If you've ever pondered how to go about purging an entire country of its demons, wonder no more. Mexico did just that this past May, when a group of Catholic priests gathered together at the Cathedral of San Luis Potosito - a major Catholic landmark built between 1670 and 1730 - to perform a group exorcism for that very purpose. Led by Cardinals and performed with the blessing of Pope Francis, the aim of the group exorcism was to reduce the death toll that has accompanied the Mexican government's war on drugs and the country's major drug cartels. Troubles with the drug cartels have been ongoing and intractable, so if a group exorcism could help drive the demons out, then why not give it a try.
We couldn't help but think about how on a much lower scale, emails and text messaging have been driving traditional telephone communications out of many major companies and banks. Faced with the need to cut costs wherever possible, coupled with the reality that few customers even bother leaving voicemails these days, some of the banking industry's largest players have joined the ranks of major companies like Coca-Cola (which nixed voicemail in late 2014) by eliminating voicemail from the portions of their organizations where the feature is no longer necessary.
JPMorgan Chase (JPM) recently announced that it has begun eliminating voicemail accounts for employees who do not interact with customers. The bank has already begun cutting voicemail accounts within its consumer and community banking unit for individuals who are in supporting roles involving operations and technology. Given a cost of roughly $120 per year for each employee, JPM's consumer and community banking unit alone will save an annual $3.2mm. That's real money, and now its investment banking division is planning to follow suit by cutting roughly 30,000 accounts, with savings of another $5mm. Instead of individual voicemail, anyone who places a call to employees within these groups will be greeted by a blanket message indicating that the person they are trying to reach is unavailable and asking that they try calling back.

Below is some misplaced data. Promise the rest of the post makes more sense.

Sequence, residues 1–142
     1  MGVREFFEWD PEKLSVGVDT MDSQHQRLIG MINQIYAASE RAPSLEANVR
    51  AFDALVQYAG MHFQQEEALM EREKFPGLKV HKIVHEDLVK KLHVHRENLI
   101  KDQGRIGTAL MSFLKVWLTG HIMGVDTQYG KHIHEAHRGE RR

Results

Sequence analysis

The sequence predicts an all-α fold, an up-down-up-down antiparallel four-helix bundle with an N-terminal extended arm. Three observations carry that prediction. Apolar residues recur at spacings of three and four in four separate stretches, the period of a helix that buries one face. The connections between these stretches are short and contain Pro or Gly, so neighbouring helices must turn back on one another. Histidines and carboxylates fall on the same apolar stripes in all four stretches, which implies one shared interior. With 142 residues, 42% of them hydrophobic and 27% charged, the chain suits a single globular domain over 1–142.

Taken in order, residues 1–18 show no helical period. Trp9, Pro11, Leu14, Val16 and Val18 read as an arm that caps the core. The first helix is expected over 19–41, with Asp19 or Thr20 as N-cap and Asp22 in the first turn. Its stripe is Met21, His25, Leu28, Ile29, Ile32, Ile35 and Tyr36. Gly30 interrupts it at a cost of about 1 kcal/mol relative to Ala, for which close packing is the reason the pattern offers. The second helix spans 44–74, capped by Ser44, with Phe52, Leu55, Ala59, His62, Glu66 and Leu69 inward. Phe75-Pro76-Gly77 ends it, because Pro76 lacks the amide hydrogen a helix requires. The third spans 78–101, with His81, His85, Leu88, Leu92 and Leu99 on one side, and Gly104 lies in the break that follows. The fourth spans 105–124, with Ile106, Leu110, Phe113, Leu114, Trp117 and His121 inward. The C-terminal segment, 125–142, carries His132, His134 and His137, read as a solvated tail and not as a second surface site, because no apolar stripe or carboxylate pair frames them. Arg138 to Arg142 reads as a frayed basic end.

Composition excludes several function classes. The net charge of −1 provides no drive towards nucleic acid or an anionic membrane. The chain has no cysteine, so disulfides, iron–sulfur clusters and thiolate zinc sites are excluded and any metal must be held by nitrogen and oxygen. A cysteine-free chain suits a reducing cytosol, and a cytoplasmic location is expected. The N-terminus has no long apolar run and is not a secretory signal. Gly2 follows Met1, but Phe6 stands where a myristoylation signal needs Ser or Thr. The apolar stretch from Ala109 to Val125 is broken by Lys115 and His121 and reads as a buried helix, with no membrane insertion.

While JPM is the first major bank to begin eliminating voicemail, it is unlikely it will be alone for long. Other major banks such as Bank of America and Citigroup have also begun looking at the cost savings eliminating voicemail would mean for their organizations. Given that the public at large is increasingly reliant on emails and text messages as their primary forms of communication, it will become harder and harder for big organizations to justify the cost of voicemail accounts that get little use. This is especially true when you consider most people under 30 don't even bother to listen to voicemail messages left for them and instead use the caller ID on their phones to see the name and phone number of the person who has tried to reach them before deciding whether or not to call them back.
The good news right now is that by eliminating voicemail, these large banks are likely to frustrate customers whose inquiry ends up in a dead-end mailbox. Most people pick up the phone to call if they have a question that is outside the standard set of answers. Almost everyone has endured annoying computerized voicemail systems, with it practically impossible to find the person you need if you don't already know their name and extension.
All of this can spell opportunity for a community bank. So think twice before considering voicemail a demon to be exorcised, unless your support staff is large enough to justify eliminating its voicemail. Be certain every customer phone inquiry is answered, even if each individual employee doesn't have a voicemail box. Beyond that, have text and email messaging available for customers who prefer it, positioning your bank for the future, while providing customer service at every level.